Daily Mail 'fat dog' article takes the copyright biscuit

 by Martin Belam, 13 May 2008

Now, remind me again, what is it that newspaper publishers are always saying about respecting copyright?

I only ask because of this article on the Daily Mail site today about fat pets. As I scrolled down I recognised one of the dogs pictured. He is a local chum of ours from Chania harbour. In fact, I recognised the photograph - posted to Flickr by polietileno.

Fat Dog on Flickr

The unnamed Daily Mail journalist who put the article together appears to have simply searched Flickr for 'fat dog', and re-published whatever photos they felt like from the results set.

Stolen fat dog in the Daily Mail

The Chania dog picture was originally published under an Attribution-Non-Commercial-Share Alike 2.0 Generic licence, which the Daily Mail has almost stuck to.

Creative Commons details

Well, except for the Attribution bit.

And the Non-Commercial bit.

The article also features this photo from Flickr, and this one - both of which are clearly marked '© All rights reserved'.

And then there is the fact that the article says these are the world's fattest pets, even though 'fat dog from Chania' is a stray - which they would know if they read the comment underneath the photograph they have stolen.

But what's a little factual inaccuracy and copyright theft between friends eh?


tell your friend to send an invoice to the daily mail. I read a similar article online somewhere recently; they took a similar course of action. I can't remember where though.

My missus did point out that maybe they did ask permission behind the scenes - but somehow I think she is giving them too much benefit of the doubt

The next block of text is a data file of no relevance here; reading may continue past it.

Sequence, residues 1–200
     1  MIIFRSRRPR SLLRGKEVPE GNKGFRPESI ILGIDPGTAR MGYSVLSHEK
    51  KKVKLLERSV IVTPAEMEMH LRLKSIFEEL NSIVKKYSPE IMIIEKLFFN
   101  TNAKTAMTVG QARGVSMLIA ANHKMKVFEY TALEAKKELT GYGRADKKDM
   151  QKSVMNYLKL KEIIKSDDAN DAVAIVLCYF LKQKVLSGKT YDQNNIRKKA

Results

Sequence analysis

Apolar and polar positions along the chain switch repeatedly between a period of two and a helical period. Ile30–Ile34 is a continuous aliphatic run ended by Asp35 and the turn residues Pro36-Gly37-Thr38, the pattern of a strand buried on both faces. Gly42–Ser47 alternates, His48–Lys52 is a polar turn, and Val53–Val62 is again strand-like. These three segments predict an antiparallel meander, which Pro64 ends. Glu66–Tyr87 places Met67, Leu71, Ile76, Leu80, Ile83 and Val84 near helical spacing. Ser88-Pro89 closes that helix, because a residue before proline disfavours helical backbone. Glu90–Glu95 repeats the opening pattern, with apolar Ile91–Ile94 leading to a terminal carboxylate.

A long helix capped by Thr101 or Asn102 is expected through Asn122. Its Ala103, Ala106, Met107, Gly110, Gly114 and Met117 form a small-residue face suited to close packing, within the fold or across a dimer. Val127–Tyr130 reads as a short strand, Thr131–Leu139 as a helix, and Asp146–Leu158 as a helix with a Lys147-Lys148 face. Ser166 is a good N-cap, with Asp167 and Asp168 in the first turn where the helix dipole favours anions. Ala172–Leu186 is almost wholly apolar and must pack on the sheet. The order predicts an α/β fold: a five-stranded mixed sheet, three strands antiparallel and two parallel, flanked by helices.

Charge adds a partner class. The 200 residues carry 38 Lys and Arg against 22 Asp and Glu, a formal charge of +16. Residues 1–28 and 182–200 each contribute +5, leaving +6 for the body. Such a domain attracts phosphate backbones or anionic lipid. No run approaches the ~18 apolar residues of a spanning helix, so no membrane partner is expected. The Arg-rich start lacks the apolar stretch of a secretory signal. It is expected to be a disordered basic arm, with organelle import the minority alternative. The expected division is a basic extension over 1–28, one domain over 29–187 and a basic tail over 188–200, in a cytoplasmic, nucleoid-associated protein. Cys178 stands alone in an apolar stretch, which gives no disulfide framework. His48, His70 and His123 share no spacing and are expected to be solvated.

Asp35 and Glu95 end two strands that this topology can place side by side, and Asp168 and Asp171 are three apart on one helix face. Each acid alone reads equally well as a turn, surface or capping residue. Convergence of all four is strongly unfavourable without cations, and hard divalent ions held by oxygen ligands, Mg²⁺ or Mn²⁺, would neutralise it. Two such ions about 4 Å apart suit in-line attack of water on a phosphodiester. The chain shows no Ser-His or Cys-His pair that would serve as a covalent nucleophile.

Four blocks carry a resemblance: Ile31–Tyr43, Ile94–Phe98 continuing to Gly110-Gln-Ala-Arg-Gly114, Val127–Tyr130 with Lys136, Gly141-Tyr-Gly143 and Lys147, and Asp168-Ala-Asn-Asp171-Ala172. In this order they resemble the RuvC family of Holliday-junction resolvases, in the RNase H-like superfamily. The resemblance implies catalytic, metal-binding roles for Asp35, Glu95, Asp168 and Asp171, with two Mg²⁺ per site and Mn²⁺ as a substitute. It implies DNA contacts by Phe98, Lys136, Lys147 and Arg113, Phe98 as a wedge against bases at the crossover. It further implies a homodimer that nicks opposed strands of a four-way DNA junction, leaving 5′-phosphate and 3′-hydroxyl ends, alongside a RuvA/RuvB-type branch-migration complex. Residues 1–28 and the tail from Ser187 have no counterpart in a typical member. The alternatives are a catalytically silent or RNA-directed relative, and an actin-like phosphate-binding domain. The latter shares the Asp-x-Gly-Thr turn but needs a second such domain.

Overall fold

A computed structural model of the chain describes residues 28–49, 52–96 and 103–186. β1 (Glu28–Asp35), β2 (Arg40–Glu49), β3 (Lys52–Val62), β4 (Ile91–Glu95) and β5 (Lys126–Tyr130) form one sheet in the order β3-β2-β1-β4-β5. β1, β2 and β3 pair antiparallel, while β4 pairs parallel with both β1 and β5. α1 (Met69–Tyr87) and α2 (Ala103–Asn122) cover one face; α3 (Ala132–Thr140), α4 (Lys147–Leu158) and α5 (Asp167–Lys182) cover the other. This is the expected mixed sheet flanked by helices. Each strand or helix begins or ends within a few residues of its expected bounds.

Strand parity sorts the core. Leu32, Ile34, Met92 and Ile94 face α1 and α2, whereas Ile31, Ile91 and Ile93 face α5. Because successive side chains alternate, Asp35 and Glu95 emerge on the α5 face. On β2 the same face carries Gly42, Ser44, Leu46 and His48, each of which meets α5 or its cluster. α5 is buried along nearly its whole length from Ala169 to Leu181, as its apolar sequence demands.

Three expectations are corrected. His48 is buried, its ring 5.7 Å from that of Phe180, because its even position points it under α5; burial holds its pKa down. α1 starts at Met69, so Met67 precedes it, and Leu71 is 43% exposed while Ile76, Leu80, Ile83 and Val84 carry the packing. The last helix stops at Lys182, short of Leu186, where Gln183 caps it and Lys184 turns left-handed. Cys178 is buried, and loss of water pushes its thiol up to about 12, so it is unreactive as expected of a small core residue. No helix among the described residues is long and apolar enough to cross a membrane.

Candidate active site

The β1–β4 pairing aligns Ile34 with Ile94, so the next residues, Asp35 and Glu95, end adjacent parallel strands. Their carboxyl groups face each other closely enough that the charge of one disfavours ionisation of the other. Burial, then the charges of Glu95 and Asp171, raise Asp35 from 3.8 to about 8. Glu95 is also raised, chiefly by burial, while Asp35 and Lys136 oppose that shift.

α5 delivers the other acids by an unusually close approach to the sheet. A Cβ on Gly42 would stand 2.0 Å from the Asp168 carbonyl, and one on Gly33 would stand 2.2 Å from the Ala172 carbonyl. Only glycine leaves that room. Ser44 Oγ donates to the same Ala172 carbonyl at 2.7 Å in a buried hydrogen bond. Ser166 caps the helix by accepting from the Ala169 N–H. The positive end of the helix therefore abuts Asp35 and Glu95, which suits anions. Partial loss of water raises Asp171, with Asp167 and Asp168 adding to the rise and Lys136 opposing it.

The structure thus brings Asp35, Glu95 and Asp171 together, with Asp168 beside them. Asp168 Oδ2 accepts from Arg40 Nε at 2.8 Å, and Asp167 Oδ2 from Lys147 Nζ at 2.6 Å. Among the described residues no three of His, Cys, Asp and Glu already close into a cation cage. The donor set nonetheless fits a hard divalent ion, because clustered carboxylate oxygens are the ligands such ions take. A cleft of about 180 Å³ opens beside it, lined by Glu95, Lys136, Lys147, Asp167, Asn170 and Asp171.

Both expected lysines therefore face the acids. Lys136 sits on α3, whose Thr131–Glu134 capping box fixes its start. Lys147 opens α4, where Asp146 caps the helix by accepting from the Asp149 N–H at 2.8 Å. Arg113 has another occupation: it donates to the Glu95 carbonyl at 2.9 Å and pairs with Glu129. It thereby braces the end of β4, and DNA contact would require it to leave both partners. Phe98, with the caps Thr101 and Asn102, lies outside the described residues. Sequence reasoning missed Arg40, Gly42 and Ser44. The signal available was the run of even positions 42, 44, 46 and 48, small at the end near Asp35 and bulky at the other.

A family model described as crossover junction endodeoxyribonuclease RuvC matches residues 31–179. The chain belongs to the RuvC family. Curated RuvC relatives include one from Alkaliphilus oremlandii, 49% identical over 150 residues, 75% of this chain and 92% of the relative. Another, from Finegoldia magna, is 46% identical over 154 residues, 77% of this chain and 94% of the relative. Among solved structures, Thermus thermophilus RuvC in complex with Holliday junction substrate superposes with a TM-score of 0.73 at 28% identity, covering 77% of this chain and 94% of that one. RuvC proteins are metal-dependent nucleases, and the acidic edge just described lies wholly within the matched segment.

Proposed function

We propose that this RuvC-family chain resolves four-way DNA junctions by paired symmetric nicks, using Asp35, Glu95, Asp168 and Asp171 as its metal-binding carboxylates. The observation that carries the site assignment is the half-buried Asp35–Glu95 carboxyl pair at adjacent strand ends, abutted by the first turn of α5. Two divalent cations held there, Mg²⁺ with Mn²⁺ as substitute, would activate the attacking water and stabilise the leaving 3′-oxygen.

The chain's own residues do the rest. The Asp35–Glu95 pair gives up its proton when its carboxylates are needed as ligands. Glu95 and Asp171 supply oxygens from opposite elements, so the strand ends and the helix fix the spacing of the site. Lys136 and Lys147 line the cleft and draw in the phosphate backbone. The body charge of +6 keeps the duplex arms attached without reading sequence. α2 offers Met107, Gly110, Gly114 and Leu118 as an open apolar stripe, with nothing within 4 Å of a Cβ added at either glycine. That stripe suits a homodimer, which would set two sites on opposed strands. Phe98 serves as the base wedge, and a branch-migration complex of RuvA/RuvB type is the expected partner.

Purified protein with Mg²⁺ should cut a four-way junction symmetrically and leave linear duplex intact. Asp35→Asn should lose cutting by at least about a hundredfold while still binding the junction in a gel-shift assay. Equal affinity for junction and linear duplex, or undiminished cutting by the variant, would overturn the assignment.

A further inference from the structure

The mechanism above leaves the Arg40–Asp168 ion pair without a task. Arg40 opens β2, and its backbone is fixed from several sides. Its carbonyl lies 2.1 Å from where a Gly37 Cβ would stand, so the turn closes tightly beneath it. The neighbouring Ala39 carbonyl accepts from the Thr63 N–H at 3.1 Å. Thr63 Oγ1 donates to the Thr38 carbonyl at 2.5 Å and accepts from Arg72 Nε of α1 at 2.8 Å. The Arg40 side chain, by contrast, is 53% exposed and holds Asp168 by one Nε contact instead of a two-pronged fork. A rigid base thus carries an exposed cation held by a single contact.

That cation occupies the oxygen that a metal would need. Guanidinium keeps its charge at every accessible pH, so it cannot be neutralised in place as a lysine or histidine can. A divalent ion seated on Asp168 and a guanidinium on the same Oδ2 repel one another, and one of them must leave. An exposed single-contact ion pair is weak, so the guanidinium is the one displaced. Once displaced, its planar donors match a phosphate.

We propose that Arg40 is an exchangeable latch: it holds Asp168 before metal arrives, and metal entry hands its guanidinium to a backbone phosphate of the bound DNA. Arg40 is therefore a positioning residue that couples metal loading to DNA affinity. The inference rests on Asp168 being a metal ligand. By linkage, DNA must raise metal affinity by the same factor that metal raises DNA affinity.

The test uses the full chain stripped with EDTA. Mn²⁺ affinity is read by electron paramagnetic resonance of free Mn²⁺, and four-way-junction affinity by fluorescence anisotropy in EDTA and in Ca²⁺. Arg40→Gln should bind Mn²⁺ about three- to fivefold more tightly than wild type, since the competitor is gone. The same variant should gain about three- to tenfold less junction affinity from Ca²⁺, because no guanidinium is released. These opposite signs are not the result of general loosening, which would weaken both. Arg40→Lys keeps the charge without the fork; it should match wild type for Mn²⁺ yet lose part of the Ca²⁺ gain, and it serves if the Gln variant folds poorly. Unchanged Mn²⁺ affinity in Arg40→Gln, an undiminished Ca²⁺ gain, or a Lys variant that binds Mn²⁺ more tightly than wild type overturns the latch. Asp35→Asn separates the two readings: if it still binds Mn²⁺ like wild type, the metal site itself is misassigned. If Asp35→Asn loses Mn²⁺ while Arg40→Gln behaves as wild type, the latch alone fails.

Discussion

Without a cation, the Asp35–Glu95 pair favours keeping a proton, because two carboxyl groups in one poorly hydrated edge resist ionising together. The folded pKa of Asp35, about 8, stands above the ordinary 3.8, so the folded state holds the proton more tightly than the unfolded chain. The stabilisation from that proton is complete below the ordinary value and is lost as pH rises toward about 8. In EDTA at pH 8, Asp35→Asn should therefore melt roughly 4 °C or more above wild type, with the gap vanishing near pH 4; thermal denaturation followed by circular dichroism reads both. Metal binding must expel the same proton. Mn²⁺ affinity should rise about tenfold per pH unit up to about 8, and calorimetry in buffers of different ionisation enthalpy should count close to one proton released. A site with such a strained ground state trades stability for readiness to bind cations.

There are plenty of stories of similar things happening to B3ta contributors. A quick search of Tim Ireland's Bloggerheads site should find some examples.

As Ian said, the best approach is for the owners of the rights to invoice the paper. But, of course, the owners might not be reading your blog. So I suggest leaving comments for them on Flickr pointing out what you have found.

A similar thing happened, too, with TV Cream, where the Mail lifted virtually the whole of the site's guide to Blue Peter presenters:


""But there isn't any rule," they come back, "against copying stuff off a website, is there?""

All the images are scammed from other websites.

In fact, they might as well have just copy/pasted this website into their CMS.

I'm increasingly thinking that a scraper that grabs every image off newspaper websites and submits them to http://tineye.com/ to see where they were "acquired" from might be a good idea.

There's a website that focuses strictly on situations like this - they have good advice on how to handle the situations: youthoughtwewouldntnotice.com


Keep up to date on my new blog